What can I do now to prepare become the best dietitian I can be in the future?
I get this question quite frequently, so I figured I would address it in today’s blog posts.
I have twice taken part in my former university’s nutrition peer mentor program, so I do have actual experience acting as a mentor for aspiring dietitians.
Here are five things for you to consider
1) It’s never too early to start building your brand: With the power of social media, we all have an opportunity to become something beyond what we do 9-5. I’ve been on Instagram for a year and I’ve gained so many opportunities as a result. Clients, work opportunities, website hits and so on. I recommend all aspiring dietitians to take a look at what your colleagues are doing on Instagram and other social media platforms and start to find your own niche, because you never know where it will lead you in the future.
2) Consider writing a blog: I may be a bit bias here, but I believe that blogging is one of the best tools for professional development and continuing education. Effective and evidence-based communication is a pillar of dietetic practice. You need to be able to share high quality evidence in a concise and understandable way. Every time you write a blog topic, the research and preparation that goes into that piece becomes internalized knowledge that allow you better carry yourself as a future professional. On top of this, your blogs become a portfolio that reflect on your competence and commitment to continuing education and health promotion. The same could be said for other similar ventures such as creating instructional videos, recipes, etc.
3) Volunteer/Work in areas you think you want to go into: Surely, if you aspire to become a clinical dietitian ( or any other type of dietitian) you will be doing yourself a great service by seeking out opportunities to work/volunteer with one while you are still a student. Getting experience in the areas you aspire to work in will not only teach you what it’s really like ( and help you confirm it is actually what you thought it would be like) but will also reflect well on future job and internship applications. For all you volunteers out there, don’t be discouraged by entry level positions that seem to be trivial as those can eventually lead to meaningful opportunities. I started off doing photocopies in Toronto’s largest hospital and was co-teaching diabetes education courses and helping with PhD research by the end.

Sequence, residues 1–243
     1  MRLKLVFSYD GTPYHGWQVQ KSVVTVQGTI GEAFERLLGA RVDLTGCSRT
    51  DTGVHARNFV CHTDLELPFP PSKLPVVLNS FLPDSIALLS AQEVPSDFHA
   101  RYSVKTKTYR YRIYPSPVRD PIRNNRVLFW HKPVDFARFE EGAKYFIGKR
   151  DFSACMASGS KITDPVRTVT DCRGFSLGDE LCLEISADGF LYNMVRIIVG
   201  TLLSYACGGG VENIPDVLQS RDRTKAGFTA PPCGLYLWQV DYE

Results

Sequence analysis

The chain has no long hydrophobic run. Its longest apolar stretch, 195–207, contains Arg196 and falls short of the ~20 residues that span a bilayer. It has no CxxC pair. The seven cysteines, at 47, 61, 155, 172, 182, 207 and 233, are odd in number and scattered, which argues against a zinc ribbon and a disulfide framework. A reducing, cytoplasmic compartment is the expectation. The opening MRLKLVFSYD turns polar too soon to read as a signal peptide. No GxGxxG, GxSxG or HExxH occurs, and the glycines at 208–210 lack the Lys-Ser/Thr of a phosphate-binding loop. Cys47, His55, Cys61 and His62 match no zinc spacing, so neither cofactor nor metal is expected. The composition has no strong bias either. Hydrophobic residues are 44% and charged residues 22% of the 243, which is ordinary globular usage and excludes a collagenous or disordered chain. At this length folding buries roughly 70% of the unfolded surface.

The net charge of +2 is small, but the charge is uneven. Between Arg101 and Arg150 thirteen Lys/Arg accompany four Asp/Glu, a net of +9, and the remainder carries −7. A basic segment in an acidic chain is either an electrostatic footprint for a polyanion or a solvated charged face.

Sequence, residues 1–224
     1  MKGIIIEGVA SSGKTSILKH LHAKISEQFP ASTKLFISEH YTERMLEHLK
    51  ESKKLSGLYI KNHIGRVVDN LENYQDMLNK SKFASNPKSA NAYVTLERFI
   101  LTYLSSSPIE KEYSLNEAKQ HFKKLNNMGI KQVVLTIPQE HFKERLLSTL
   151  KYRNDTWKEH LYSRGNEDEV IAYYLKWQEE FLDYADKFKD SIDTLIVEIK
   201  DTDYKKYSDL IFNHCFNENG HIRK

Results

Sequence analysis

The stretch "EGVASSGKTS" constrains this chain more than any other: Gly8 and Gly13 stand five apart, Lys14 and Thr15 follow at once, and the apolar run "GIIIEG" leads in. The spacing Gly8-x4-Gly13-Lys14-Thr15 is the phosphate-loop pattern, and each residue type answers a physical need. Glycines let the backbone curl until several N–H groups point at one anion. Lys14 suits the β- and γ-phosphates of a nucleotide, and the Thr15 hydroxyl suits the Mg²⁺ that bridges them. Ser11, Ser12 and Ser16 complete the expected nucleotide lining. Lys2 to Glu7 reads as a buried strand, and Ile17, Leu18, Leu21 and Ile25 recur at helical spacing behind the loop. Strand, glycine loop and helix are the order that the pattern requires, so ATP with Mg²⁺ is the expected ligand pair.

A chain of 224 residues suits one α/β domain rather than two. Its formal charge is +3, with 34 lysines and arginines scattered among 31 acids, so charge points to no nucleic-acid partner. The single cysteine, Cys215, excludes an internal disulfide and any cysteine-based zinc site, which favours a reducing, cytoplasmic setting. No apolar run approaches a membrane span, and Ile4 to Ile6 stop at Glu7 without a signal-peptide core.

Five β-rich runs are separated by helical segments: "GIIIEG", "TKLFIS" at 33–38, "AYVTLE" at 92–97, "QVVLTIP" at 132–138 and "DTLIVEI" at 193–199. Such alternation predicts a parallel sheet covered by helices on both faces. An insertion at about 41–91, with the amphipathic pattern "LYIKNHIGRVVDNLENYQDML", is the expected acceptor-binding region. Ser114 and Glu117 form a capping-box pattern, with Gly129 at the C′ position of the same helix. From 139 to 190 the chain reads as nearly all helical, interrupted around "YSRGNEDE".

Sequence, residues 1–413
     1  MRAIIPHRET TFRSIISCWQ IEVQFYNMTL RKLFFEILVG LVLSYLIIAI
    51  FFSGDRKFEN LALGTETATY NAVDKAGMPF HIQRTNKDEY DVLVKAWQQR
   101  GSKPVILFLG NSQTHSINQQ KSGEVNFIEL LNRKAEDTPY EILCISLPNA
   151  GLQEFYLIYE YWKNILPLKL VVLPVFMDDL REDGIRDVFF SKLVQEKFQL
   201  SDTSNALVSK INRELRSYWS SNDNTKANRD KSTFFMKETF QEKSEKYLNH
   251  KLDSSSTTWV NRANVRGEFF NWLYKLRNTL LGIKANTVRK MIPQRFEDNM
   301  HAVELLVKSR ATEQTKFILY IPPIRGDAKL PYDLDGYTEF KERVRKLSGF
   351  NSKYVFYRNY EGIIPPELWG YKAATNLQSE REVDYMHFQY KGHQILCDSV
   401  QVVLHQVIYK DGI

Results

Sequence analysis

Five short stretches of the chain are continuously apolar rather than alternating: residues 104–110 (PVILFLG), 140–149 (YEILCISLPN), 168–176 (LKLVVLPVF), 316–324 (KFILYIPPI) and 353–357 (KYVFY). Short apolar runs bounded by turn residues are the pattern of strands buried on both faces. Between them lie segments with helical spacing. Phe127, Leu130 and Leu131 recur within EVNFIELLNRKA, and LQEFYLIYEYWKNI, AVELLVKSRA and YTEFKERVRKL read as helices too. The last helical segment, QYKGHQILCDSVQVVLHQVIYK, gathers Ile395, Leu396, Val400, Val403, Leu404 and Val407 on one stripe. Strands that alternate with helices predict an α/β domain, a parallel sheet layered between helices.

4) Volunteer/Work in areas you dislike: There is something to be said for people who willingly step outside of their comfort zones. This is why one of the most common questions in interviews and applications relate to identifying your weaknesses and explaining what you have done to improve on them. Ask yourself this question right now. What skills do you lack in or which areas of dietetics you lack experience in? Once you have identified them, take the steps you need to take to get stronger in those areas.
5) Do other things that set you apart: Whether that means becoming a president of a course union or a club, captaining a sports team or whatever the case may be. If you are faced with an opportunity to do something valuable that not many people are willing/able to do, take that opportunity. If something appears difficult and to require committment, you should be drawn to it. Doing meaningful work that others may not be willing to do is exactly what sets you apart in this competitive profession.
To all you future RDs out there, I hope this has helped.
I know you have a lot running through your mind right now but hopefully you can take a few of these tips to heart and I am confident that they will benefit you in the long run.
Until next time,
Andy De Santis RD MPH